The process of compiling much-anticipated Texas abortion statistics for 2014 — expected to reflect the impact of abortion restrictions passed by the 2013 legislature — followed its normal course up until February of this year, a health agency insider says.
But when staffers at the state Department of Health Services finished their work and prepared to release the data, the process stalled after the numbers were submitted to the department's legal department for final approval, the source said. Internal emails provided to The Texas Tribune show agency workers were then told the numbers were not ready to be released.
Since then, the agency has responded to requests for the numbers from reporters and interested parties by saying they have not been finalized.
Representatives for the department did not immediately respond to a request for comment. A spokeswoman previously said the data is still incomplete.
"If the data were final, we would release it," a department spokeswoman said last week in response to a demand by the ACLU that the department release the data. "The detailed data for 2014 isn’t final yet for Texas. We released the provisional total as soon as it was ready several months ago, but the underlying details are being reviewed for accuracy. For the last several years, Texas abortion data was typically finalized and published between March and June."
The Texas ACLU contends the agency is continuing to withhold it to mask the effects of Texas' restrictive abortion law known as House Bill 2.
Staffers have never before had to "wait on instructions" from the department's Office of General Counsel before uploading the abortion statistics to the agency's website, said ACLU-Texas staff attorney Trisha Trigilio.
The information in question would provide details on the number of Texas women who had abortions, the procedures they underwent and the types of facilities they visited. The 2014 data is of particular interest to both sides of the abortion debate because it would detail abortions in the first full year during which parts of HB 2 were implemented.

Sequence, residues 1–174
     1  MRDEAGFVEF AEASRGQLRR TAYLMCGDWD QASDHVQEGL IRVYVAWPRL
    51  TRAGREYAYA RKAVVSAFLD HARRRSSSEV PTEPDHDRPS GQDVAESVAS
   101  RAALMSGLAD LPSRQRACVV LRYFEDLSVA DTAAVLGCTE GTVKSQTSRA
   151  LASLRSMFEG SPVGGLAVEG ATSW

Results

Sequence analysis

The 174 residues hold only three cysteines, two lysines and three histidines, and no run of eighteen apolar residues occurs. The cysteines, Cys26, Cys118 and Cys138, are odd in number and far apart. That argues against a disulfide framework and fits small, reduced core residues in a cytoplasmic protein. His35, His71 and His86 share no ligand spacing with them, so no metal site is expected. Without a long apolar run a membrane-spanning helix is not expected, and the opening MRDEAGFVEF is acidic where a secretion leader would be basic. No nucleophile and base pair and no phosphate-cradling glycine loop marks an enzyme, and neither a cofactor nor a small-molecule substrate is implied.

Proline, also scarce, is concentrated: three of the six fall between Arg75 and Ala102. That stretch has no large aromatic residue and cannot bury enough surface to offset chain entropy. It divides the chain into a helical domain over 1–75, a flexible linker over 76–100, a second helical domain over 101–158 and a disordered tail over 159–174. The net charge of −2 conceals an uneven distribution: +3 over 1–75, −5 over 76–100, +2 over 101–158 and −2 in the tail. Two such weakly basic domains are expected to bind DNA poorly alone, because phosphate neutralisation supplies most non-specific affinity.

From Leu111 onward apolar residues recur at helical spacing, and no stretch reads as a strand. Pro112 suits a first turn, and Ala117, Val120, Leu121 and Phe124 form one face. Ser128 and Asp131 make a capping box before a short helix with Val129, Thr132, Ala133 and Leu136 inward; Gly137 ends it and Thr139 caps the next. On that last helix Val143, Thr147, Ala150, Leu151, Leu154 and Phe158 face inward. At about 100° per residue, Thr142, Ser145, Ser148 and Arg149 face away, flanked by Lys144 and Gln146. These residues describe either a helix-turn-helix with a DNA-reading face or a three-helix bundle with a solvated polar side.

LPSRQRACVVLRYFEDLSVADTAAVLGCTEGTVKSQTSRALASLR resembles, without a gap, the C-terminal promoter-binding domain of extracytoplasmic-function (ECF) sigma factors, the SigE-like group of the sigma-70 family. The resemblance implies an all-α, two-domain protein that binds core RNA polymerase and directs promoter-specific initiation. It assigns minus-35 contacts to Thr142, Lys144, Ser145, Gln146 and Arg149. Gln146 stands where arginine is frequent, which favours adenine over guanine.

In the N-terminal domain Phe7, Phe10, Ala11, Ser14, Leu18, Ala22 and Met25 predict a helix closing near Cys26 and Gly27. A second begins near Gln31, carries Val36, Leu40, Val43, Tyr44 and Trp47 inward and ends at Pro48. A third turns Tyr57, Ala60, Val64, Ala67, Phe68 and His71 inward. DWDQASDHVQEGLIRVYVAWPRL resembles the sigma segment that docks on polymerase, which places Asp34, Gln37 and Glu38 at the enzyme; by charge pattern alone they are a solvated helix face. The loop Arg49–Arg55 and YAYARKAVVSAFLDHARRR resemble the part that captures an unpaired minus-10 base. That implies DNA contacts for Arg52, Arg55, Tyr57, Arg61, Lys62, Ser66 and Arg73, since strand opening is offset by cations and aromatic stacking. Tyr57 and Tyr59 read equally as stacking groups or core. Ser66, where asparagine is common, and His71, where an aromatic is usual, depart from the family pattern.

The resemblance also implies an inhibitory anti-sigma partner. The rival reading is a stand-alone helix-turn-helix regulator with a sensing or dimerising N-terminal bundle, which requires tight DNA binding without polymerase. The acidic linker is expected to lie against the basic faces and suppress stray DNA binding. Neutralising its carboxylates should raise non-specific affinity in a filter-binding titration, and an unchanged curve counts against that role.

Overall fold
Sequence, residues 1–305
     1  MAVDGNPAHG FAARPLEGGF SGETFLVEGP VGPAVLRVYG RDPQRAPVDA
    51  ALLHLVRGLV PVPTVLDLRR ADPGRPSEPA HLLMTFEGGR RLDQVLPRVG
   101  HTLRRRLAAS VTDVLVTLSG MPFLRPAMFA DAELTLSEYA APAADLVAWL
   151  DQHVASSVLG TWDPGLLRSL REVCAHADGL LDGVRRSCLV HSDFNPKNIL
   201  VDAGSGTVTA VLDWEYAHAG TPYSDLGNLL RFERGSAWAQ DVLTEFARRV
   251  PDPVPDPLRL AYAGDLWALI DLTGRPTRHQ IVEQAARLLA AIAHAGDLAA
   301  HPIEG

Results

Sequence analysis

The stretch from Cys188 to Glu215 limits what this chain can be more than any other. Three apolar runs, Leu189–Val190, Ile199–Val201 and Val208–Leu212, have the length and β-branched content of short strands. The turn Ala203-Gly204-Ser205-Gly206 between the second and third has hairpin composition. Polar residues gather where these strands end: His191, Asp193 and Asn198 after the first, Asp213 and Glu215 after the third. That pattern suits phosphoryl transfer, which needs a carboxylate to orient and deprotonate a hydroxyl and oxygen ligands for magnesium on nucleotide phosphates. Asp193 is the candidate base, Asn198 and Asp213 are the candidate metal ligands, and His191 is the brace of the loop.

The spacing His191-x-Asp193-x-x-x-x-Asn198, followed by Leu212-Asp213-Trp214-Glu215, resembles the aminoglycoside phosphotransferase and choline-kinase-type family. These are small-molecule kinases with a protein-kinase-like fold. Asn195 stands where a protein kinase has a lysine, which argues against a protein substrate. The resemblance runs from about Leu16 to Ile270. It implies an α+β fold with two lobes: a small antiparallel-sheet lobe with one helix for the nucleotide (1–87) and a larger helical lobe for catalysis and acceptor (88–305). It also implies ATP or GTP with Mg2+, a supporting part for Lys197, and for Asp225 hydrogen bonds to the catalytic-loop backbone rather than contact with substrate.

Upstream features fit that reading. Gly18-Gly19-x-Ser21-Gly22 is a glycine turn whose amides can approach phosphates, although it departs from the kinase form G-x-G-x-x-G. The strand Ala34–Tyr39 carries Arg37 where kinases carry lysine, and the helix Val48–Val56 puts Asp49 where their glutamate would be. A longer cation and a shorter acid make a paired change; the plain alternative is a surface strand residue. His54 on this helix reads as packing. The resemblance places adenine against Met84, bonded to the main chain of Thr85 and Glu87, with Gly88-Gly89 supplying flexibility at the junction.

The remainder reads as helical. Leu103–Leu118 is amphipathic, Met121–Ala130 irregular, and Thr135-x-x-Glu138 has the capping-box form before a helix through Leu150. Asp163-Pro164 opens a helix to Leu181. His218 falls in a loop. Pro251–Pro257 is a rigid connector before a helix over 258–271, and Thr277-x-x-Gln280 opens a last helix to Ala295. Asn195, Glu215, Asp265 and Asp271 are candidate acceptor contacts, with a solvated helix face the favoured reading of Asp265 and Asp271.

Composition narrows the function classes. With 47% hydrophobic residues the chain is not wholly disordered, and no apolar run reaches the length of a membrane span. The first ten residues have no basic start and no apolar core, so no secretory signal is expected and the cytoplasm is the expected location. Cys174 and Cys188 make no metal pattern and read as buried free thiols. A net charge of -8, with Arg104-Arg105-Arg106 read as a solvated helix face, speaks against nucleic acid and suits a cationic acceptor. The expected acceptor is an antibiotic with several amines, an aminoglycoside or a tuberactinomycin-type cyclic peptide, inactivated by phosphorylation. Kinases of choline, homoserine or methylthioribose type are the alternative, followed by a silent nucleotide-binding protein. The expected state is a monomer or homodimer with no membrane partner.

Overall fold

The data was finalized months ago but was left “in limbo” for several weeks after it was sent to the agency’s legal branch, according to the state employee with knowledge of the data. Staffers were then instructed to stop referring to the abortion statistics in emails and respond to public inquiries about the data by saying it was not final, the employee added, and agency emails reflect.
Frustrated by the delay, the state employee, who requested anonymity to speak candidly about the department's actions, contacted the ACLU and explained the situation. That contact prompted the organization’s letter to the health department last week in which it accused the agency of purposely withholding the statistics and instructing its employees to mislead the public about the status of that data.
In March, department emails show, a staffer with the legal department of the office of the chief operating officer distributed suggested responses for staff to use when asked about the 2014 stats: “The data you have requested are still being processed and not ready for release. Thank you for your inquiry.” A memo sent to staffers in April repeated that proposed response and asked staffers to provide printed copies of any requests for the data — and the answer supplied — to the health department’s Office of General Counsel.
State health officials in March noted a significant drop — 14.2 percent — in the number of abortions performed in Texas in 2014, with almost 9,000 fewer procedures in the state compared with the year before. At the time, a Department of State Health Services spokeswoman said she was “not sure” when more detailed figures would be available.
The state agency is not required to publicly release the abortion statistics, though it has done so annually. But it is required to release data or ask the state attorney general for permission to withhold compiled data if requested through the Texas Public Information Act, said Trigilio, the ACLU-Texas staff attorney.
“The agency hasn’t done either,” Trigilio said. “It’s just lied about whether that data exists.”
HB 2 is the subject of a U.S. Supreme Court case that could be decided as early as Thursday. During oral arguments before the Supreme Court, conservative justices on the court questioned whether there was enough evidence on the law’s impact. Justice Anthony Kennedy — considered the swing vote in the case — asked about sending the case back to a lower court to collect more evidence on the law's effect on abortion access in the state.
While the employee did not provide details about the 2014 statistics, the employee indicated there was a drop in every single type of procedure, including a significant drop in medication abortion, a procedure used to end early pregnancies. (Abortion providers have said drug-induced abortions dropped dramatically under HB 2 because of stricter requirements.)
"Yes there are some big changes in that data that would be cause for concern but hiding that data doesn’t make the differences go away," the employee said.